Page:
Vauxhall has hit a landmark with its UK-built medium-sized Vivaro, and there’s a new-generation model to come next year. James Dallas reports
Vauxhall is proud of its long history in the UK. It started its domestic operations in 1903 in the south London district from which it took its name before moving to its current home of Luton in 1905. It started building vans there in 1987.
The manufacturer seldom misses an opportunity to flag-up the fact that it is the nation’s leading producer of LCVs. It’s a position it has held since Vivaro production started in 2001, and in this regard 2014 will be a key year for the brand with the launch of the second-generation medium van.
The Luton plant will make all the models for the UK and mainland Europe – where the vehicle will be badged Opel Vivaro – bar the niche high-roof version, which will be assembled in
Renault’s Sandouville factory near Le Havre. The Luton plant, Vauxhall explains, is not set up to build high-roof models. That derivative will be produced alongside the Renault Trafic, the Vivaro’s sister model, which represents a departure since the French company’s previous- generation model was built in Luton, together with a smaller number of the Nissan Primastar, which shares the same DNA. Mike Wright, the site’s plant manager, admits that under the current arrangement 31% of the factory’s output bears the Renault badge. This will change next year.
Vauxhall’s boss, Duncan Aldred, says: “We will only build Vauxhall [vans] here so it will have a volume impact.” But, since Opel Vivaro
models destined for 18 European markets will be built at Luton, he points out: “We are going across Europe with Opel.”
Vauxhall has invested €95m (£82m) in upgrading the Luton factory for the new Vivaro with almost half of this sum spent on developing a new bodyshop in what was previously a store warehouse. The work included relaying the entire floor with concrete over a two-month period. The manufacturer has also spent €112m (£96m) on the supply chain network including €34m (£29m) in the UK. It claims 40% of parts for the new van will be UK-sourced with more than half of these coming from within a 100-mile radius of the plant, which has a 1400-strong workforce.
Aldred says Vauxhall will tailor production volumes of the new Vivaro to fit demand, which he claims is growing in the UK but declining elsewhere in Europe.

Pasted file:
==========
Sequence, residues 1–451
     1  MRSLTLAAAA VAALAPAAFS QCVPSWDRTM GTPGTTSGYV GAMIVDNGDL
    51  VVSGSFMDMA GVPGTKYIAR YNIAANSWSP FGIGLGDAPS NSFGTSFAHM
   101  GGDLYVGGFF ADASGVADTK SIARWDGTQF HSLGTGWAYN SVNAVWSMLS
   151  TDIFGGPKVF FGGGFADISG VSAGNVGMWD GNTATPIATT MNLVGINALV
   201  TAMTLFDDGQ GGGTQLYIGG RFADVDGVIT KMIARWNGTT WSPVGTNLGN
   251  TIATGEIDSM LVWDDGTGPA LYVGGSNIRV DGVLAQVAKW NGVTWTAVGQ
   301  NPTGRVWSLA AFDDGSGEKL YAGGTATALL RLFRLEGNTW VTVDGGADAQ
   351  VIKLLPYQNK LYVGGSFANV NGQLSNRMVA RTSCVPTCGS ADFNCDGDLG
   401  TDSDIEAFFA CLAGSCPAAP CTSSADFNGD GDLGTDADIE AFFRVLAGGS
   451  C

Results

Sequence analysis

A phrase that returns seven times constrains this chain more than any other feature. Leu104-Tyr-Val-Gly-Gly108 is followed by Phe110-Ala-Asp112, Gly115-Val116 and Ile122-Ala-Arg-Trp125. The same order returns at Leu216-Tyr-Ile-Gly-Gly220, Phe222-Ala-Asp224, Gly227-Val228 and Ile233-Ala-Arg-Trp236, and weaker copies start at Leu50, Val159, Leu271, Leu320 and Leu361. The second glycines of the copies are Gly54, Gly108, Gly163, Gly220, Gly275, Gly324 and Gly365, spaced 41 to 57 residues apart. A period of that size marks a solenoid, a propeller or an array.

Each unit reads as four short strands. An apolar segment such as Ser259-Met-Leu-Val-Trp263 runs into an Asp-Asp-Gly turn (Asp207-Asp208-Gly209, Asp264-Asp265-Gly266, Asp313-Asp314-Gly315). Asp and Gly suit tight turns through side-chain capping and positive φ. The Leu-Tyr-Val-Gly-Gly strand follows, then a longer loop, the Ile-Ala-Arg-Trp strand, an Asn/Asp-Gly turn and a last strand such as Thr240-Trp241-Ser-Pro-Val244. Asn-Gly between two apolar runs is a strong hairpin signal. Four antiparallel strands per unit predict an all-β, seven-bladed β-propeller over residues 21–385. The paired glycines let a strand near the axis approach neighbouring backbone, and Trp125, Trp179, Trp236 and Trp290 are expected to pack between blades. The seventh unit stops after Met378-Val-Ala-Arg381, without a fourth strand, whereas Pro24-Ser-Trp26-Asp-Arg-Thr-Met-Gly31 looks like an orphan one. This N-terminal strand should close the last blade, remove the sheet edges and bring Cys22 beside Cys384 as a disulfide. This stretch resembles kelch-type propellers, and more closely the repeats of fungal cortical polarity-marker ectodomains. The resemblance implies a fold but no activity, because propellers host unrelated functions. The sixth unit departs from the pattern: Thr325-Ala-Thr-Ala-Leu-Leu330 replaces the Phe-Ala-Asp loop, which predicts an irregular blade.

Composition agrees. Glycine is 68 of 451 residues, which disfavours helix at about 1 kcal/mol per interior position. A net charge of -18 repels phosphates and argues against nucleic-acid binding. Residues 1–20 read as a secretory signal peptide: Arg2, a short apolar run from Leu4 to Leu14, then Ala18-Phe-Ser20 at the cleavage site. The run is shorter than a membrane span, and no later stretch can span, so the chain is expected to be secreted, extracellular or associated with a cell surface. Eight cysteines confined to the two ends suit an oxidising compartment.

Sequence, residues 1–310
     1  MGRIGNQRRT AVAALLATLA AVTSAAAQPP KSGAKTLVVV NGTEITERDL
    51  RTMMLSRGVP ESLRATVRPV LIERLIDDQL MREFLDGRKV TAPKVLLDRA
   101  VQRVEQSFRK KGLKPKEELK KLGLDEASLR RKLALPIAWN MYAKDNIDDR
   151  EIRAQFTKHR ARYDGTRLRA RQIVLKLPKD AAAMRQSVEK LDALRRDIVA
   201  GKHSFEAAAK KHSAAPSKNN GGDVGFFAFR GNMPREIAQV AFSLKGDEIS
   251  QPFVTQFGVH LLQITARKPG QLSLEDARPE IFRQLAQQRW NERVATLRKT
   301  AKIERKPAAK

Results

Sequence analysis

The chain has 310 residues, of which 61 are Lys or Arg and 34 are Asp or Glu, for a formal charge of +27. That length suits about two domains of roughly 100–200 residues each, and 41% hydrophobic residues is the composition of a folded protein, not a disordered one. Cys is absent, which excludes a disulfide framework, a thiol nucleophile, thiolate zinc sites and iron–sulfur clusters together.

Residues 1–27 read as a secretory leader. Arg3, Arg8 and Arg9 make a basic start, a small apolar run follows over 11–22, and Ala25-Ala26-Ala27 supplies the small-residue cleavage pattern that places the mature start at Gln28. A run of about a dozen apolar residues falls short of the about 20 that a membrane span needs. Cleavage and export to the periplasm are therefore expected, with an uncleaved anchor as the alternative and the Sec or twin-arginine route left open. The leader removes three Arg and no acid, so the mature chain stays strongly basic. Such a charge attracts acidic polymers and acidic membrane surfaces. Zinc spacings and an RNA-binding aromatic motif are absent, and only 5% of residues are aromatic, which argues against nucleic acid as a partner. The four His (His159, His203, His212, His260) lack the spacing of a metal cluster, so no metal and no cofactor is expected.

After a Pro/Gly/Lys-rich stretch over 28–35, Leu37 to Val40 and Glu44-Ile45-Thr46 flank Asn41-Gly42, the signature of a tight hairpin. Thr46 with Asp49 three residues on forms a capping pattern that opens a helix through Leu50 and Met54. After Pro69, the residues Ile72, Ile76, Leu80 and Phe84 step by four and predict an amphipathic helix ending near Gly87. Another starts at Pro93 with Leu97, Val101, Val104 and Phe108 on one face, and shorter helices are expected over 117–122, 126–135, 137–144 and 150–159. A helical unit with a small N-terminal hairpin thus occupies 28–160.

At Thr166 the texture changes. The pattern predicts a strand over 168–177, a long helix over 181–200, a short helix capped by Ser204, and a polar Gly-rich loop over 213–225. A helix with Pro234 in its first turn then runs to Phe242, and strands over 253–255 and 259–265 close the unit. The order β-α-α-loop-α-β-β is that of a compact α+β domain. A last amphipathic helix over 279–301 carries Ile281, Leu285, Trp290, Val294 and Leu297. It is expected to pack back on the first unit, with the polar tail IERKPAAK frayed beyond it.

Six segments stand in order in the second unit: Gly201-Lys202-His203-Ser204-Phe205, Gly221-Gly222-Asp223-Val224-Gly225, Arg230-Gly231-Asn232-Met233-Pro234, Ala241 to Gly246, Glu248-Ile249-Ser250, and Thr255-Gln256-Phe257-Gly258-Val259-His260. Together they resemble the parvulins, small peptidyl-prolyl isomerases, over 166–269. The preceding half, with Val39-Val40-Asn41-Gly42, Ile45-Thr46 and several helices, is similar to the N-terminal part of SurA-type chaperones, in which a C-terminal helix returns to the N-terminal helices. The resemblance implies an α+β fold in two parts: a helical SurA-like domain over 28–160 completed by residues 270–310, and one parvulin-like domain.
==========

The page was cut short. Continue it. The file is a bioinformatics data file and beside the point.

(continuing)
Hundreds and thousands
The facility churned out 53,000 vans last year and has assembled 22,000 in the first half of 2013. Production is currently running at 198 units a day, and in July the Luton plant reached a milestone, when the 900,000th medium-sized van based on the Vauxhall Vivaro/Renault Traffic/Nissan Primastar platform rolled off the assembly line and into service with the AA.
The AA has ordered 356 Vivaros in a deal worth £4m, representing 75% of its fleet renewal for 2013, according to president Edmund King. All the vans come equipped with fuel-saving Ecoflex technology.
“It is essential for our patrols that their vehicles are safe, practical, reliable and economical,” King says.
Tony Rich, AA patrol of the year, who took the keys of the milestone Vivaro, stresses the importance of accessibility for vans that are often called out to breakdowns on motorways, and says a tailgate, rather than twin rear doors, is essential for safety. In the medium van sector the Vivaro, along with the Renault Trafic and Ford Transit, is one of just three vans available with the feature. He also cites the 1300mm floor-to-roof rear door as being ideal for facilitating access to the AA’s compact recovery trailer.
King says the next-generation Vivaro will be among the vans the AA considers in the future. Vauxhall, though, is keeping its cards close to its chest when it comes to revealing details of the new model, but Aldred does disclose that more derivatives will be offered than are available with the present vehicle. This would follow the trend set by the current Movano, which is offered in 56 bodystyles compared with the previous generation’s 13 (since 2009, the Luton plant has housed a conversion centre that has to date produced 30,000 vehicles). The next Vivaro will also be bigger than the current edition.
No date, other than “mid-2014”, has been set for production to start, and the company has yet to confirm whether the vehicle will appear at next April’s Commercial Vehicle Show in Birmingham.
Aldred suggests the Vivaro’s core market will remain with SMEs following a strategic move to target retail buyers, but he stresses that more emphasis will be placed on winning business from large corporate fleets.
“We aim to conquest sales in all segments,” he says.
End of an era for Ford at Southampton
In July Ford closed down its Southampton factory and the Dagenham stamping plant that supplied it with parts for the production of small and medium Transits.
The Southampton facility produced around 28,000 vans in each of the past three years having stepped up from 21,000 in 2009. Previously, however, the plant had produced about 70,000 units annually having started making Transits in 1972. Production of all Transits has now switched to Ford’s plant in Kocaeli, Turkey, which was already building 80% of the vans sold in Europe.